Sony on Sunday announced the addition of three new digital camera models to its Cyber-shot family, including the DSC-TX200V from the ultra-thin Cyber-Shot T series, and the DSC-WX70 and DSC-WX50 models from the traditionally designed W series. Each of three new cameras feature a high resolution "Exmor R" CMOS sensor and improved BIONZ image processor that work together to produce better shots in low-light scenarios and enhance auto-focus speeds, Sony says.
Smartphone cameras still have some ground to make up before they can truly replace dedicated point-and-shoot, and the divide only gets wider with the release of cameras like Samsung's DV300F. The newest addition to Samsung's DualView line, the DV300F sports a pair of LCDs, one of which is a front-facing 1.5-inch screen to make sure those narcissistic shots come out just right before you upload your mug to Facebook or Google+.
Here's an interesting riddle: If integrated cameras on smartphones and cell phones are so much better than what they were just a few short years ago, why are there so many crappy mobile photos on the Internet? Figure that one out and we'll assign you a similar case related to YouTube videos. But we digress. The real point here is that smartphone cameras are continuously improving and are now responsible for snapping more than a quarter of photos and videos.
You don't necessarily need to rock a digital SLR camera to get the benefits of a CMOS (complementary metal-oxide semiconductor, in case you were wondering) image sensor. According to market research firm iSuppli, digital still cameras have started adopting CMOS senors in place of CCDs (charge-coupled devices) at a rapid rate. By 2013, iSuppli says there will be more CMOS point-n-shoot cameras than CCD equipped ones.
You'll have to excuse your Coolpix toting neighbor if he has a serious case of zoom envy when you proudly whip out your P500 digital camera. That's because Nikon outfitted the P500 with a 36x zoom, the longest zoom ever integrated into a Coolpix camera. Combined with the Nikkor ED glass lens, Nikon promises you'll be able to hone in on your subject with exceptional clarity, even in low-light conditions.
Sigma has gone and launched a high-end compact digital camera featuring a 14-megapixel FOVEON X3 direct image sensor, the DP2x. The new camera is the latest in the DP2 series and boasts an Analog Front End (AFE) and a faster autofocus, Sigma says. AFE is used in other Sigma cameras, like the DP1x compact and SD15 DSLR, in order to convert full color data.
Full HD recording is quickly becoming a standard feature in new point-n-shoot digital cameras, and this, along with several other features, are packed into Panasonic's new Lumix FX78 ultra-compact.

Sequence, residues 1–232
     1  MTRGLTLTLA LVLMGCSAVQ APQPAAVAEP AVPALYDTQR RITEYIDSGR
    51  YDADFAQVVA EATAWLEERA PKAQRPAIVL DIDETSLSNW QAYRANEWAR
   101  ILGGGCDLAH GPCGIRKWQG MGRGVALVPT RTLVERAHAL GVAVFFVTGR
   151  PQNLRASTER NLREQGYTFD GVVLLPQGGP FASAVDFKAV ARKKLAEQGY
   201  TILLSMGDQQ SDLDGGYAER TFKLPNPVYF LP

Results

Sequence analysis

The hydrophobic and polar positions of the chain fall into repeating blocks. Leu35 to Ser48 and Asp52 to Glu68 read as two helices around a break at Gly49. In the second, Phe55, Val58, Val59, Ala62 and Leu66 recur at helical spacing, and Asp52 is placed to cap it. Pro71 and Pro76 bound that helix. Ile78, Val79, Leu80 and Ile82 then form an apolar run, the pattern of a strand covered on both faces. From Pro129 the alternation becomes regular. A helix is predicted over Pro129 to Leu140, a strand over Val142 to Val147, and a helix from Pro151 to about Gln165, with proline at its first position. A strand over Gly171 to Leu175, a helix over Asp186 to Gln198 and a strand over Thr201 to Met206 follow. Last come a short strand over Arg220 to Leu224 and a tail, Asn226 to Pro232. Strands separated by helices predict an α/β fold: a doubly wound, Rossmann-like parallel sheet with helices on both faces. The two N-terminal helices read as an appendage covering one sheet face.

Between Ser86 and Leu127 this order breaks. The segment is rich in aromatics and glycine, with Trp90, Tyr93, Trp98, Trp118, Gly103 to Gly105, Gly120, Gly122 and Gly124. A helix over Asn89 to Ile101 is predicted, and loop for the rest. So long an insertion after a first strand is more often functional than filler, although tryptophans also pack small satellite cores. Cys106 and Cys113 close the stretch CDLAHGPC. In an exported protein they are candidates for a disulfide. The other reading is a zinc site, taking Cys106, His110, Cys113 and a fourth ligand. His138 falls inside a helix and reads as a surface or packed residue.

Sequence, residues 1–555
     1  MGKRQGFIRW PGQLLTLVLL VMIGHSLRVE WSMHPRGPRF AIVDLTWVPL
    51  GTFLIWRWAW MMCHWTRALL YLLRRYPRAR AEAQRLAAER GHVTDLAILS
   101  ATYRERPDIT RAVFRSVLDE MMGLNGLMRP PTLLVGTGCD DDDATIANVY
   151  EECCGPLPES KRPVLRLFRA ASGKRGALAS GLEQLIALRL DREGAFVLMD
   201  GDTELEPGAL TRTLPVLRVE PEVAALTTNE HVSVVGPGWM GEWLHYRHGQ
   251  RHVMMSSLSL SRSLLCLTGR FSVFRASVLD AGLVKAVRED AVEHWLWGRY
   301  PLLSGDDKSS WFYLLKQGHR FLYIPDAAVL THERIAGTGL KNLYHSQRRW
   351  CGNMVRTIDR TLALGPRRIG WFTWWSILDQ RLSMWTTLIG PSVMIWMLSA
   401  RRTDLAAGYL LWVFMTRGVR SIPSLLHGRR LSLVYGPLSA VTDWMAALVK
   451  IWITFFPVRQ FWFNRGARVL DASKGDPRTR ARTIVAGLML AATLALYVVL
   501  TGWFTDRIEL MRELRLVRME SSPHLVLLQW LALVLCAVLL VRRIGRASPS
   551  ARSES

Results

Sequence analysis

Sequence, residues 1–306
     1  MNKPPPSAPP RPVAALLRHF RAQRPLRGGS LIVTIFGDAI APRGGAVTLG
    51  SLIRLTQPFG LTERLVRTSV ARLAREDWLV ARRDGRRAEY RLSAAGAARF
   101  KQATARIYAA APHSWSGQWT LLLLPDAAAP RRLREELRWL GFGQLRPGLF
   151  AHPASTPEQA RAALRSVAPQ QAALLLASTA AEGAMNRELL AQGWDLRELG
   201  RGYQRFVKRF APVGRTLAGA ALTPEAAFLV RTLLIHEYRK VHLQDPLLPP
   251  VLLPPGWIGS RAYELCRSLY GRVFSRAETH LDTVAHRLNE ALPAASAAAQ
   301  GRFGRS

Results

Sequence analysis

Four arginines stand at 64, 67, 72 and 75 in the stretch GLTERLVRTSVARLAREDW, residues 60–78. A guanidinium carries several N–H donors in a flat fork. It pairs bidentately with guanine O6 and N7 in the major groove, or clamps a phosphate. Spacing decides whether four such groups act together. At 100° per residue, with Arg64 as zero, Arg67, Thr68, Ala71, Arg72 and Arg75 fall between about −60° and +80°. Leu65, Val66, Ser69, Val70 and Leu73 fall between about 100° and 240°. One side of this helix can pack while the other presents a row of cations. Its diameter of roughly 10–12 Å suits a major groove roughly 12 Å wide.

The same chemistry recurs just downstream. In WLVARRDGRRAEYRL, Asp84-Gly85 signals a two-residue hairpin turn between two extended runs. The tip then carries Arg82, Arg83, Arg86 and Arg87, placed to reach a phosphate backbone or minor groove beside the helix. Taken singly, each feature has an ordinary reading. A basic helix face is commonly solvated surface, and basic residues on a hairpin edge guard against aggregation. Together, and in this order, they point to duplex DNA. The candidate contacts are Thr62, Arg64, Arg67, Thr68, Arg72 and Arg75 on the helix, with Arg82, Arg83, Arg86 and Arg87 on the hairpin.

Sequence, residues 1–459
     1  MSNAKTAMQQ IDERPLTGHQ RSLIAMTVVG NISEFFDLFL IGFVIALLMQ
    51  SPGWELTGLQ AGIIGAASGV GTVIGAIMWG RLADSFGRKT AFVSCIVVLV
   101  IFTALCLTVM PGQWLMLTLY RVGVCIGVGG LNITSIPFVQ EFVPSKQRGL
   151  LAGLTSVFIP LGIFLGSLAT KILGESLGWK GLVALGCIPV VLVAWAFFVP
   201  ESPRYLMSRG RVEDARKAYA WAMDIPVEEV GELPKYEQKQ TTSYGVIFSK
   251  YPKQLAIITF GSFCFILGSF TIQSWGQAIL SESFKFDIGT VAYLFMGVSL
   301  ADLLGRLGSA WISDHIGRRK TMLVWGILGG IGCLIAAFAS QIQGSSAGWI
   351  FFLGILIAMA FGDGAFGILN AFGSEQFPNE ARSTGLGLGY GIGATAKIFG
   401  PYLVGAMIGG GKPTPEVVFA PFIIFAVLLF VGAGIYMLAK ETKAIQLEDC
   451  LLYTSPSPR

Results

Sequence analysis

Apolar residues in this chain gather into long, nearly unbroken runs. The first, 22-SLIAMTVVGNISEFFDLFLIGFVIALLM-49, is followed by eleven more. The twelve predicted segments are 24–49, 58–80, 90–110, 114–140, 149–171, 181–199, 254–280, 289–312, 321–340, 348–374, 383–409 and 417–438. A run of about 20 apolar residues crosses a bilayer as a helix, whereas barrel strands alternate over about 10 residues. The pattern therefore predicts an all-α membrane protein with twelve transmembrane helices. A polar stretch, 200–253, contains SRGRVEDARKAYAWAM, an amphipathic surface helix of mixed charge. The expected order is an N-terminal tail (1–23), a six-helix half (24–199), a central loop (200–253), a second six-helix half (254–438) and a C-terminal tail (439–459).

Despite its diminutive size, Panasonic equipped the FX78 with a 12.1 megapixel high-speed CCD sensor. It also boasts a new Smart Touch operation on its sizable 3.5-inch 16:9 LCD screen. One of the cooler bullet points is the ability to auto focus on a subject just by tapping it on the screen. Once touched, the FX78 tracks the subject, even if it/he/she moves about.
Other features include a Scene Selector mode, 24mm ultra-wide angle lens, 5x optical zoom, F2.5 aperture, image stabilization, face tracking, and more.
Panasonic will offer the Lumix F78 in gold and white models starting in March for an as-yet undetermined price.
More and more companies are mixing old school aesthetics with new school functionality, one of those being Fujifilm with the introduction of its FinePix X100 point-n-shoot digital camera.
Adorama has the pricey camera up for preorder at $1,200, though there's no word on when it will ship. That seems awfully high for a non-DSLR, but if you talk to Fujifilm, they'll tell you it's worth every penny.
"Inspired by the beauty and form of classic cameras from the past, the FinePix X100 combines all the latest technical digital innovations in a beautiful, traditional chassis which oozes class and prestige," Fujifilm explains.
Top-level dials made of metal offer up fine grain control over exposure when snapping 12.3MP photos. There's a programmed auto mode, aperture priority mode, shutter priority mode, and full manual mode, as well as a 2.8-inch LCD and high-speed contrast AF.
In case the SH100's 3-inch LCD screen isn't large enough, Samsung says its latest Wi-Fi enabled point-n-shoot can connect to your Android powered Galaxy S smartphone (which we presume to mean any Android phone) so you can preview shots in real time.
Perhaps that's a little gimmicky, but Samsung says you can also share your photos over the Internet and social networks, so long as you have Wi-Fi access. It can also automatically back up pics to your PC by pushing just two buttons, or by using DLNA to wirelessly connect to your HDTV and see your shots and videos right away, Samsung says.
Other features include a 14.2MP sensor, 720p movie mode, digital image stabilization, and a host of proprietary technologies. The SH100 will go on sale in March for $200.
Samsung's latest WB700 point-n-shoot digital camera lets you get up close and personal -- real close and personal -- with a 24X zoom lens. Skeptical? You should be -- it's actually a still-impressive 18X optical zoom supplemented by a 1.3X "Smart Zoom," Samsung says.
The camera sports a 24mm ultra-wide Schneider KREUZNACH lens and a 16MP CCD sensor. Full manual control is part of the spec sheet, and so is the ability to record full 1080p high definition videos (H.264 format).
Other notable features include RAW file format support, built-in software, an advanced noise reduction algorithm Samsung says "actively cancels out the zoom noise," andd digital image stabilization.